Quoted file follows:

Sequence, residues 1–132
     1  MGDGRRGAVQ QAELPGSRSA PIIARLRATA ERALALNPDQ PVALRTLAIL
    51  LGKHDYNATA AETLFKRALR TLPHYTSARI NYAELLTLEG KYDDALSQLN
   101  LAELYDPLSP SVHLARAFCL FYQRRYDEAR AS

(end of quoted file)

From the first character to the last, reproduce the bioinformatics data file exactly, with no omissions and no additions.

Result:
Sequence, residues 1–132
     1  MGDGRRGAVQ QAELPGSRSA PIIARLRATA ERALALNPDQ PVALRTLAIL
    51  LGKHDYNATA AETLFKRALR TLPHYTSARI NYAELLTLEG KYDDALSQLN
   101  LAELYDPLSP SVHLARAFCL FYQRRYDEAR AS